We began with 9 children in 2011, ages 4-5; grew to 11 children in 2012, ages 5-6 (we realized that was too many for the space); and back to 9 children for this upcoming year, ages 6-7. We’ve been aging up with this group. A few families have dipped in and out, but we have a core group of families that have been with us the entire time. We are adding a dual language (Spanish immersion) component this fall too, and for those who want it, will add the extra day. We’re now at a crossroad, trying to decide what to do for the following school year (2014-2015). Expand and move somewhere that will allow to bring in kindergarten aged children and another teacher and continue to grow each year? (So much work is involved with that). Or, stay and phase out the program with this group of children as they age up. For now, we’re enjoying our little schoolhouse and ranch.
The “classroom” — the room where the large tables are pushed together — is the space I tend to spend the most time in. This is where I do small reading groups, math, writing etc. This separate area is helpful when kiddos need a space for focused work.
The Atelier is the space where the parent assistants seem to spend the most time. Helping children work on projects, provocations are set out in there, etc. This is the room I’d rather be in.
The science and nature room is used to place out provocations as well. This was our first year to use this room in this manner, and even though there were often beautiful and inspiring nature materials, microscope, books, math manipulatives, this room was least utilized by the children. They either wanted to be in the Atelier, or in the back room with the blocks, books, legos, keyboard.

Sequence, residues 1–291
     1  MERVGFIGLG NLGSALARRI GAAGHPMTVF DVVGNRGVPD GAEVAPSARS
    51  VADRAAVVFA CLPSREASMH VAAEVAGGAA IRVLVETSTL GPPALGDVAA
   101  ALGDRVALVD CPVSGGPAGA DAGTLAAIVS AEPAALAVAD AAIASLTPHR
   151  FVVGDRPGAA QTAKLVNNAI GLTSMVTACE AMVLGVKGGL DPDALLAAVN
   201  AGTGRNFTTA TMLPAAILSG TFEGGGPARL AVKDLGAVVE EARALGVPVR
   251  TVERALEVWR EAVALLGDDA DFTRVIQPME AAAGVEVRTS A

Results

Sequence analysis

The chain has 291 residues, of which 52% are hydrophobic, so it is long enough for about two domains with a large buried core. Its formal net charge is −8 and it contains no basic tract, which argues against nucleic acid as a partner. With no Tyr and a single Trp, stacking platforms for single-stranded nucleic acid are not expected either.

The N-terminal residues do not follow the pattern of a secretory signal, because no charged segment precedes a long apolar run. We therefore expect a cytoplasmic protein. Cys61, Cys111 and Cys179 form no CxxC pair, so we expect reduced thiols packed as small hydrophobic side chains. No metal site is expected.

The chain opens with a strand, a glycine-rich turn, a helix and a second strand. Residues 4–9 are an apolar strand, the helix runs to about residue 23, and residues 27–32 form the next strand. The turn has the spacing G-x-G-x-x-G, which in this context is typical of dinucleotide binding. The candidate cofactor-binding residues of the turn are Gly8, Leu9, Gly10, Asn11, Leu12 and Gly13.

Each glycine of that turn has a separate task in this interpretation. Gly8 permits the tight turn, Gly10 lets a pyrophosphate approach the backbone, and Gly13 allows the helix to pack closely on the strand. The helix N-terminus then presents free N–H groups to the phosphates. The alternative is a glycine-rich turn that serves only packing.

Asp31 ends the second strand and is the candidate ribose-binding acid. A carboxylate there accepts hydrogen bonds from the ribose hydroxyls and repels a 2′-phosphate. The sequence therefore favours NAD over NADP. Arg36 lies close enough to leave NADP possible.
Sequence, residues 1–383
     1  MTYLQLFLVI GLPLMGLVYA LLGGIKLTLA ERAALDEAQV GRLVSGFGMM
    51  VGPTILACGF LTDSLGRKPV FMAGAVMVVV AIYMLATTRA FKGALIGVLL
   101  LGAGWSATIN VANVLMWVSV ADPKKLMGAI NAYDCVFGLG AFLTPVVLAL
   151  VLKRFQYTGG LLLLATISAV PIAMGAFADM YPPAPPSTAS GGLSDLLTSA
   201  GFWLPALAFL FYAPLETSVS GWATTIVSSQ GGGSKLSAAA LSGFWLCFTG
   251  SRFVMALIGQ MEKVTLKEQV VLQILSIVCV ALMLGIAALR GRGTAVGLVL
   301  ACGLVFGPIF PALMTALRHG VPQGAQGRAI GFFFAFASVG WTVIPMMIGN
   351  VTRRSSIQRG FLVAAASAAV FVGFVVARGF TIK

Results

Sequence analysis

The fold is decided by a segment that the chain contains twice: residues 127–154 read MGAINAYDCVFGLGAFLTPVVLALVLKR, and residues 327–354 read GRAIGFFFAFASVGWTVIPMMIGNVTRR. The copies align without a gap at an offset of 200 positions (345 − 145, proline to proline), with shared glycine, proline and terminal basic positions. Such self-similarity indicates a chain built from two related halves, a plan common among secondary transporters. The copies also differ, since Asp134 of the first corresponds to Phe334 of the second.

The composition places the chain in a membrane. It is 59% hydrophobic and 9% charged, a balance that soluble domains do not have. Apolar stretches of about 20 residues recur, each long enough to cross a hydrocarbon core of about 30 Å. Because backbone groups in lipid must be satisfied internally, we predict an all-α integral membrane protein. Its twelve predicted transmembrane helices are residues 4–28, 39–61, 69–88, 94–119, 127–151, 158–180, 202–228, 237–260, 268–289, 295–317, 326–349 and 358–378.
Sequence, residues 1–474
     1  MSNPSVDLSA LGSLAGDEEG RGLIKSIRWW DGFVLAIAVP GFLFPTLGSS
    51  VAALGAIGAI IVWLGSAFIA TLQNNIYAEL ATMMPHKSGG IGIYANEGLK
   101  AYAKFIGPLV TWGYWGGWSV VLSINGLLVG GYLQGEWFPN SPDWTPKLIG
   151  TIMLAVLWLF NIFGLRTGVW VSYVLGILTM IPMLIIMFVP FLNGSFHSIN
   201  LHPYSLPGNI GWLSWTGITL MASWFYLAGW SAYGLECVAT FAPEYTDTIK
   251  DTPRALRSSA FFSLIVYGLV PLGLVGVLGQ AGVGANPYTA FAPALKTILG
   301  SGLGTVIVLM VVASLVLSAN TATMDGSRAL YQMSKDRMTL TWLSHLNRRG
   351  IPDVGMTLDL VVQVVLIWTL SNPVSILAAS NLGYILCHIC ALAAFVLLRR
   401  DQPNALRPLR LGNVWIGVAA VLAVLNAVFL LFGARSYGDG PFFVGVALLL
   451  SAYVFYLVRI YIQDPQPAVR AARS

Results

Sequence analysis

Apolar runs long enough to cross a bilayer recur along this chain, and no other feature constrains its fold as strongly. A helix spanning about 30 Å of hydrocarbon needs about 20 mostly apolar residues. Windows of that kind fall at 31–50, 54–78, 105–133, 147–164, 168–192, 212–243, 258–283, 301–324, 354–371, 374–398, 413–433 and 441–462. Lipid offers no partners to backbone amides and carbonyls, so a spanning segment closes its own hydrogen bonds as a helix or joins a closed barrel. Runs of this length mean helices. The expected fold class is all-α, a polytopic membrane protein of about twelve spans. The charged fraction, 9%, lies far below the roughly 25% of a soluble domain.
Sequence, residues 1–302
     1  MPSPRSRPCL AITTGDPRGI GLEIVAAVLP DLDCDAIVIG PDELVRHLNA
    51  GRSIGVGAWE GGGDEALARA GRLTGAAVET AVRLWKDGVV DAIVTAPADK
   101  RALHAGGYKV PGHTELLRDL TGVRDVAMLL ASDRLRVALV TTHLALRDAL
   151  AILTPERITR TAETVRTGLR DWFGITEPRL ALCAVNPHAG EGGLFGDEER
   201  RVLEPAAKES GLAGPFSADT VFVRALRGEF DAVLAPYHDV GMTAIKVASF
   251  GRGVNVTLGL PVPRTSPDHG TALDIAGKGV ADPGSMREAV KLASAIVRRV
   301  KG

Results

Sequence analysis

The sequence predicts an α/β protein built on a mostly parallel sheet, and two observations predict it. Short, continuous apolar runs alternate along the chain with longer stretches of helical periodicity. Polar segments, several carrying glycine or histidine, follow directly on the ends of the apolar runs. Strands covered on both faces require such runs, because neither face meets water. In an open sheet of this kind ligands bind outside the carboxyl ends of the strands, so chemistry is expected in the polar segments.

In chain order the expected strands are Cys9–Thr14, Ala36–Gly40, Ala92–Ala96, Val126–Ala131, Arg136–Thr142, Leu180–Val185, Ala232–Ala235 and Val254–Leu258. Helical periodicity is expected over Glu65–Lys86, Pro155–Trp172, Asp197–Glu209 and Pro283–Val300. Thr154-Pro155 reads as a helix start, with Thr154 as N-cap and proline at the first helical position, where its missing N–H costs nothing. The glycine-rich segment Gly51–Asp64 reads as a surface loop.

The challenge for us with this space is that it’s not one large open room. There are 4 rooms (and a small kitchen), and I wish we could knock down a couple walls. But this house is so old, that’s its practically held together by paint.
Science and Nature room. Some of the projects the children came up with throughout the year are displayed here:
We discovered a birds nest under the propane tank hood, and we followed their progress, which lead to a spontaneous study of birds’ nests:
Small light table in corner. I’ve had this since I had my in home preschool, and have tried to squeeze out as much use as possible. I think the children will be too large for it next year. I also don’t know if 6-7 year olds will continue to have an interest in light tables?:
Random nature items children have brought in over the last 2 years:
Back area looks messy, I never got to organizing it this year. Seems like I flew by the seat of my pants ;):
Leveled books. We have about double this amount now, will need to figure out how to store:
Books and Blocks and Fishies:
That is a large light table! We found on craigslist for $80!
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Dawn wrote a post about some of the changes she’s making to her spaces:
Click over to read the whole thing! Here are some pics:
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This is my DS10’s workspace: his workbench. This is all his own doing. Only he, and sometimes his brother, work in this area:
Sewing room? Technically a workspace that I would use, but it’s used more as storage for supplies. This is after I cleaned up! Lots of yummy vintage notions and fabric in there. Other wall has a whole cabinet dedicated to books on how to make things: